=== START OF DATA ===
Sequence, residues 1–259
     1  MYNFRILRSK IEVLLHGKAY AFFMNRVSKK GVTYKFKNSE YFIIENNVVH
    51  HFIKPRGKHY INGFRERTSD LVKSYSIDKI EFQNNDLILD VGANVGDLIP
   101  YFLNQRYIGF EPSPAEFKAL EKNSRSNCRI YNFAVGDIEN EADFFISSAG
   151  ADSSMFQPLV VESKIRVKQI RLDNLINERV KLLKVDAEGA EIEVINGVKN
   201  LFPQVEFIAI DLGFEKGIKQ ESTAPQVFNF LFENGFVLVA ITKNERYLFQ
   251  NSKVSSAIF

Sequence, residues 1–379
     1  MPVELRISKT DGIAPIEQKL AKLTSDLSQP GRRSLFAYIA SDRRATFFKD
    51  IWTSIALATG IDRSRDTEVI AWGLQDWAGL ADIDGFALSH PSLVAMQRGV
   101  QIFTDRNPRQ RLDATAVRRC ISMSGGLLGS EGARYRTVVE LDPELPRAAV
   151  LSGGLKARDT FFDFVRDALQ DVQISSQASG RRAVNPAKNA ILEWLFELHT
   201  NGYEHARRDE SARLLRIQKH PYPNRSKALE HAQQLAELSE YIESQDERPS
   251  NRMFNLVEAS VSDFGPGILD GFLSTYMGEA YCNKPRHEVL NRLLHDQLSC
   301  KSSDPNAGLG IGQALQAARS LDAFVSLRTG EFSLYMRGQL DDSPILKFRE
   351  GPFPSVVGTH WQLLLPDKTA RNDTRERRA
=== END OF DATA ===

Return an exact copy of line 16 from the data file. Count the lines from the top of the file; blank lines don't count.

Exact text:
   351  GPFPSVVGTH WQLLLPDKTA RNDTRERRA